However, Eggenberger took revenge in the final encounter, the BTCC Finale at Silverstone and it was Sopers team mate Gianfranco Brancatelli that denied Rouse win number 10 in the race. History records Rouse winning 9 out of the 12 BTCC rounds that year but due to the 4 class system Class B driver Frank Sytner won the overall title in his BMW Finance M3. Rouse finished 3rd in the title behind Class D driver Phil Dowsett.

Again in 1989 and 1990, the Sierra dominated the races outright taking the overall race wins. Jerry Mahoney, Robb Gravett, Tim Harvey and Laurence Bristow offered Rouse the stiffest competition in the last years of Class A. Gravett won the 1990 title, beating Rouse in a Dick Johnson built RS500.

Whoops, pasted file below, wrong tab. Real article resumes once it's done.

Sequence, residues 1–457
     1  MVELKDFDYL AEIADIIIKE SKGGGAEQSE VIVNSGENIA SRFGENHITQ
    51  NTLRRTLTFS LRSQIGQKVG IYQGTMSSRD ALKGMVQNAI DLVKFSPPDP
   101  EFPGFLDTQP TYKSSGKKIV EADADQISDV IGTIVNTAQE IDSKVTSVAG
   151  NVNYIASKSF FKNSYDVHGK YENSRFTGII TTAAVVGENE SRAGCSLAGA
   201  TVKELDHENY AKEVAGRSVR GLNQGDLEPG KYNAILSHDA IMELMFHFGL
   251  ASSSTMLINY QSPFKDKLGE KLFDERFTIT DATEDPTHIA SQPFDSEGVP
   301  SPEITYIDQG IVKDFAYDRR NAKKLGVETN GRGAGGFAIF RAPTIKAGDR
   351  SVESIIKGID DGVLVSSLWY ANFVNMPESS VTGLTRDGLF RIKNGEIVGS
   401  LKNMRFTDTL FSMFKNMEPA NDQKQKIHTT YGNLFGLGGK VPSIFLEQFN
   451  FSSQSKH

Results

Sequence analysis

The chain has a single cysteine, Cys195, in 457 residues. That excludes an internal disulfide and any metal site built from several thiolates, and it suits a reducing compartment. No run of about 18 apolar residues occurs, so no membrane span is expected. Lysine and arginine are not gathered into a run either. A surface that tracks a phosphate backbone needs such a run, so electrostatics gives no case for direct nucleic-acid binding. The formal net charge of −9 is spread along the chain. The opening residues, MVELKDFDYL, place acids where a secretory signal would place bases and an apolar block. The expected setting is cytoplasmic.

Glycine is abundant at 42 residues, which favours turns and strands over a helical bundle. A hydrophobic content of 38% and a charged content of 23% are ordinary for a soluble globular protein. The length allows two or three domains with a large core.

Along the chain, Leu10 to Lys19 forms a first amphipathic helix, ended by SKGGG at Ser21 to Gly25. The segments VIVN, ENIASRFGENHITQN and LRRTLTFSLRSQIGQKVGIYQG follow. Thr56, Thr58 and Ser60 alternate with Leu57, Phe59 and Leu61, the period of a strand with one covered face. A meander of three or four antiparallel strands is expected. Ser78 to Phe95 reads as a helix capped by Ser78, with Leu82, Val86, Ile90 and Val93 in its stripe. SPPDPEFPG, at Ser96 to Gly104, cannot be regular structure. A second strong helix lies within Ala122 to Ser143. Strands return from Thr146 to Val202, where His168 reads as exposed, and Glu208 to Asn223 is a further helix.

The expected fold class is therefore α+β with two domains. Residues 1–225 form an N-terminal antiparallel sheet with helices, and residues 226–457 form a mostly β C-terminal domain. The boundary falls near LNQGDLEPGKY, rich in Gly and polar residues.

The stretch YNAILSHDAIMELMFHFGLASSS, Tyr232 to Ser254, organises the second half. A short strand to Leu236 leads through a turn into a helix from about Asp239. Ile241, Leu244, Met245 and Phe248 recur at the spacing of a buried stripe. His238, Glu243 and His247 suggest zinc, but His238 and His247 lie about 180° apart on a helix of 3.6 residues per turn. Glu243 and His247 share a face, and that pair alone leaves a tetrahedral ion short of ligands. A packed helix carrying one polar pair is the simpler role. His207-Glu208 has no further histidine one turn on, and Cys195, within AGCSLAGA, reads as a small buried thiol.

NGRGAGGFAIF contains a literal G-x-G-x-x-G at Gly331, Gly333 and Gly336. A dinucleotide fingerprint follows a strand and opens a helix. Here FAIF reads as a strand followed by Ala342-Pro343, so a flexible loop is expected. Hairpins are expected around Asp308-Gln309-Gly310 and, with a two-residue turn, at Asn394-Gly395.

However again due to the complicated BTCC Class system, John Cleland won the 1989 title in his Class C Vauxhall Astra. Even though Rouse won races from the front, he was often defeated by the Class system where win in your own class was equal to the overall race win.

Even now, I recall how the sight of those 300bhp monsters had me hooked as I watched the highlights programmes on a Saturday Afternoon on BBC Grandstand. Spitting flames on gear changes and twitching through every corner as the power poured through the rear wheels. An awesome sight. Often I would be out in the garden afterwards playing with my toy cars in my sandpit.

Its amazing how many times my Ford Sierra’s won the races in that sandpit…


The Sierra wasn’t just a dominant force in the BTCC, WTCC and ETCC. But it was also the car to beat abroad in the German Touring Car Championship or DTM, with german Klaus Ludwig winning the 1988 title in a Ford and the Eggenberger Texaco Team winning races outright in the 1987 WTCC and 1988 ETCC.